Earlier, we more or less had just the public sector. But, today we have a growing and highly competitive private sector too. People have more options to choose from, than the earlier times. This gives the applicants a higher bargaining power. A recruiter hence must be able to carefully negotiate the increasing demands of the applicants, keeping in mind the organization's budget. The starting package has to be attractive enough to draw the talented people towards the organization. Also, at times the cost of retaining an excellent employee becomes more than expected. For this, the offered package and the subsequent package have to be gauged well.
Increased Educated Work Force:
Middle and upper class today, produces more doctors and engineers than ever before. There is no dearth of engineering colleges today, and even B-schools are mushrooming like anything. But just having a degree does not assure a good employee. The recruiters have to do a proper personality-job fit before selecting an applicant. This becomes even more difficult when the pool of applicants is very large, like in the present times. Even though the number of jobs are increasing, but the number of people eligible for applying to the various jobs is increasing at even faster pace.
Work force diversity:
Women have proved their mettle in all possible varieties of profession. Today, women walk shoulder to shoulder with men. With the changing perception, the recruiters have to make sure that they give equal opportunities to women, without any bias. Hence, most of the recruiters are under pressure today to achieve a certain percentage of women in their workforce. On one hand they want to achieve a set target for the percentage of women in the workforce to bring diversity, but on the other hand they cannot compromise on the quality and skills that they really want for the job. Hence, the selection procedure has to be designed keeping this in mind.
Increased Unethical Practices:
In today's digital age, it is very easy to commit unethical practices. A thorough background check is all the more important as well as tough to do today. Gauging an applicant's personality in the digital era is tough. Profiles can be faked; social networking sites cannot be trusted for authenticity anymore. It is hence a challenge for the recruiters, to judge the personality of the applicants correctly, today.
Frequent Job Switch:
Due to increased job opportunities as well as the mindset of youngsters to make quick money, the frequency of job switch is increasing. Most of the employees in BPOs are fresh out of college, looking for a quick buck. Long term stay at the company is not on their mind. Hence, a recruiter must be able to carefully understand the intention of the applicant joining their company. The selection or the interview process should be such that their real intention gets uncovered. The recruiter should also be able to clearly communicate to the applicants, the kind of employees that they are actually looking for.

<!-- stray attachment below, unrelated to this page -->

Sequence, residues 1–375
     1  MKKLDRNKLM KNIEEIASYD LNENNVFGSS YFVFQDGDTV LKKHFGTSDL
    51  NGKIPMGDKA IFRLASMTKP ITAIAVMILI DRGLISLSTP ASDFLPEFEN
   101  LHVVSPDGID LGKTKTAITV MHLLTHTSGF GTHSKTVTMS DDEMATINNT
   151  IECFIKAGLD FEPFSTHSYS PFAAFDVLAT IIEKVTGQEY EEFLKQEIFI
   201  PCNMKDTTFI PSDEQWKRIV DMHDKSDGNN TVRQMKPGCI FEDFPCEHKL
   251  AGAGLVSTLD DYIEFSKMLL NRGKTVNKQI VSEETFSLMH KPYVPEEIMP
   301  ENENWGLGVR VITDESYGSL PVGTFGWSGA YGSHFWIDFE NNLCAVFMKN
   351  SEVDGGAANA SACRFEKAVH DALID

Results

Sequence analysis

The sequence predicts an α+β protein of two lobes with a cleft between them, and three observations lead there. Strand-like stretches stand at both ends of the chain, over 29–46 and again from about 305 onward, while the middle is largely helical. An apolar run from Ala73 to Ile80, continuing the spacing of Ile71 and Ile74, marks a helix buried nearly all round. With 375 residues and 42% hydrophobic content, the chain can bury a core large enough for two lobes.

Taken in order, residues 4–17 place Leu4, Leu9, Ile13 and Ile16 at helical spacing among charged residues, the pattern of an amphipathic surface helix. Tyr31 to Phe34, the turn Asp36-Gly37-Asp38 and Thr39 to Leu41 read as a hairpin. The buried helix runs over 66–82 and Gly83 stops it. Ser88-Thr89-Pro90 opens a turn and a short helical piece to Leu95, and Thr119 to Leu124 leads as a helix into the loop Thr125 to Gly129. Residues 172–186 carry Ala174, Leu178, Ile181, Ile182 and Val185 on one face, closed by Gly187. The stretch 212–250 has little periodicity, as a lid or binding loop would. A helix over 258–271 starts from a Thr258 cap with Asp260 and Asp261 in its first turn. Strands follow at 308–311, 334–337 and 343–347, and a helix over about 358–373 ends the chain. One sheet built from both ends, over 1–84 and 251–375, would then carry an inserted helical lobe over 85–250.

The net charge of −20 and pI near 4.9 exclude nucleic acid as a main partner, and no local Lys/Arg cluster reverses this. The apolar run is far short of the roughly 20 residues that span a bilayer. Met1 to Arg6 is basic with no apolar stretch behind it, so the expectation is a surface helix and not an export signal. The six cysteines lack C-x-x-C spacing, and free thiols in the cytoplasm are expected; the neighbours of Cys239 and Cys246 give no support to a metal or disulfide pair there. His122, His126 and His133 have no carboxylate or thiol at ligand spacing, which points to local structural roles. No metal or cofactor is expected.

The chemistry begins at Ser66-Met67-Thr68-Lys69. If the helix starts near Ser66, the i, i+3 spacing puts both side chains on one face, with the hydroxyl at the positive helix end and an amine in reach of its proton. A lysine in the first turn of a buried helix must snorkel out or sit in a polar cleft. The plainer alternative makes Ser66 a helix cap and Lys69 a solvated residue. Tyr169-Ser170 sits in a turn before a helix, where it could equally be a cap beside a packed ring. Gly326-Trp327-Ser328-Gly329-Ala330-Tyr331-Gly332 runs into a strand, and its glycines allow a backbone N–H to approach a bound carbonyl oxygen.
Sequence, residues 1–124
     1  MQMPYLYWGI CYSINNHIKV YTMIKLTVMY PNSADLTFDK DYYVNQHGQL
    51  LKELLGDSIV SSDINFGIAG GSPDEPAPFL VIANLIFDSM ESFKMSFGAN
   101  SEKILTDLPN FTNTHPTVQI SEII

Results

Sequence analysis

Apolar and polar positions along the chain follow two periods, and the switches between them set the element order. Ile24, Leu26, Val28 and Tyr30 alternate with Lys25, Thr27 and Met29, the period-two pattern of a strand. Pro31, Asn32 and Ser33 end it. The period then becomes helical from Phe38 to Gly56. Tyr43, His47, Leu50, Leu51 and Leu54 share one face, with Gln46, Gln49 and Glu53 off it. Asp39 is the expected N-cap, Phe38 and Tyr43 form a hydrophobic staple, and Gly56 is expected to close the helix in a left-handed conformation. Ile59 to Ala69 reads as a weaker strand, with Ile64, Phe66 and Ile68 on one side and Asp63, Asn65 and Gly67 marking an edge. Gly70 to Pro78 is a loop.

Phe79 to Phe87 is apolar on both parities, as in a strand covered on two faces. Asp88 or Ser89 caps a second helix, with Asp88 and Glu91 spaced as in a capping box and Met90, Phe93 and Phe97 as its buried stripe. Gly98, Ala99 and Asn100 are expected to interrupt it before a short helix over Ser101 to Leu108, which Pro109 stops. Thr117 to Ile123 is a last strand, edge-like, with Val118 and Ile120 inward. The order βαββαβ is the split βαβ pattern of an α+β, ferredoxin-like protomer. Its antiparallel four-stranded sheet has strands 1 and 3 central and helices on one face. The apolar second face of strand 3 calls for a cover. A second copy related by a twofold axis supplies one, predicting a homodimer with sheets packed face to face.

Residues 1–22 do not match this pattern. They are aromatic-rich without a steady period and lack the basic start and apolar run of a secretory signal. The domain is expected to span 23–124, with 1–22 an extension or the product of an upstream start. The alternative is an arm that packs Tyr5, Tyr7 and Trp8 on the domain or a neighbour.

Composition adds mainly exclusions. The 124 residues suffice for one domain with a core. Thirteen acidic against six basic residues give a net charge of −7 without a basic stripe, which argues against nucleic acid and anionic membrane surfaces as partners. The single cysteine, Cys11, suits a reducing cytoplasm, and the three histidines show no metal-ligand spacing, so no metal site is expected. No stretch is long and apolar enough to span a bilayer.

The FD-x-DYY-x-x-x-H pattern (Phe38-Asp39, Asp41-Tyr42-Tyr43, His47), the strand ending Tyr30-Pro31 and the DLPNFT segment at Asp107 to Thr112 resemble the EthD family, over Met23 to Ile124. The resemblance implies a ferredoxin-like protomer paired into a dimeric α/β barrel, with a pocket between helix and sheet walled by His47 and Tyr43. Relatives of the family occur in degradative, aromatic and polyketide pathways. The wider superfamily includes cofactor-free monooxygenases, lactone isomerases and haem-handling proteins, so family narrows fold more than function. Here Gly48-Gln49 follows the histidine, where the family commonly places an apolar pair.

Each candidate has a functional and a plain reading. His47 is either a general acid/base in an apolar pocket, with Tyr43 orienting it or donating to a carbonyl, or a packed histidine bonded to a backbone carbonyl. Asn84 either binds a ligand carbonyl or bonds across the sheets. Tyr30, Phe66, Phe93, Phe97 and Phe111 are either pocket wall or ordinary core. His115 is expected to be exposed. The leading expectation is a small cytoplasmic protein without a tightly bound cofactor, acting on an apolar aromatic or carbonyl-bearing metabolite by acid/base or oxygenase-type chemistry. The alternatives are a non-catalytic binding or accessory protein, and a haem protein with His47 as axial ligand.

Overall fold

Mergers & Acquisitions
A lot of organizations are going through mergers & acquisitions, which involves the bringing together of 2 companies which would have their own respective culture, policies etc. Recruiting as well as laying off the right set of set of people, who would fit in this changed environment, is indeed a challenge for the recruiters.
Research/Education in the field of HR
Changes in the market, in terms of technology are happening at a very fast pace. But there is no dedicated research in the field of HR, to help train the recruiters for this changing environment. Also as more and more MNC's are entering India, the job requirements are also changing. There are very few education institutes in the field of HR, who teach future recruiters about the future trends, challenges in the HR domain.
Working vs. Higher Education:
Today, many people work for 2-3 years before going for higher education. Such aspirations of the applicants should be found out by the recruiters in the selection process itself, so that if the employee is good, then the possibility of designing a retention package in the near future is kept open. Many employers even support the higher education of their employees. Hence if such employees are supported from the very beginning, they would not quit the organization, thereby fulfilling the employee's career goals as well the organization's goals.
Reaching Out To The Right Set Of People:
Earlier, the job opportunities were less, as well as the number of applicants was less. Hence, reaching out to the people was easier. Word of mouth was more or less sufficient. Today, being able to communicate the job opening to the large pool of job-seekers is not an easy task. Media plays a more visible and critical role today in the recruitment process. The recruiters have to make sure that they approach the right media-houses at the right time.
Skills vs. Family Name
Earlier, being in the public sector, the name mattered more than the skills. The jobs were passed on from one family member to another. The trade unions also played a major role in deciding who is to get the vacancy. Today, there is a policy of referrals, but even the referred applicants have to undergo an interview process. The performance of an organization is of paramount importance in this highly competitive market. Hence the recruiters have to focus more on the skills of the applicants today.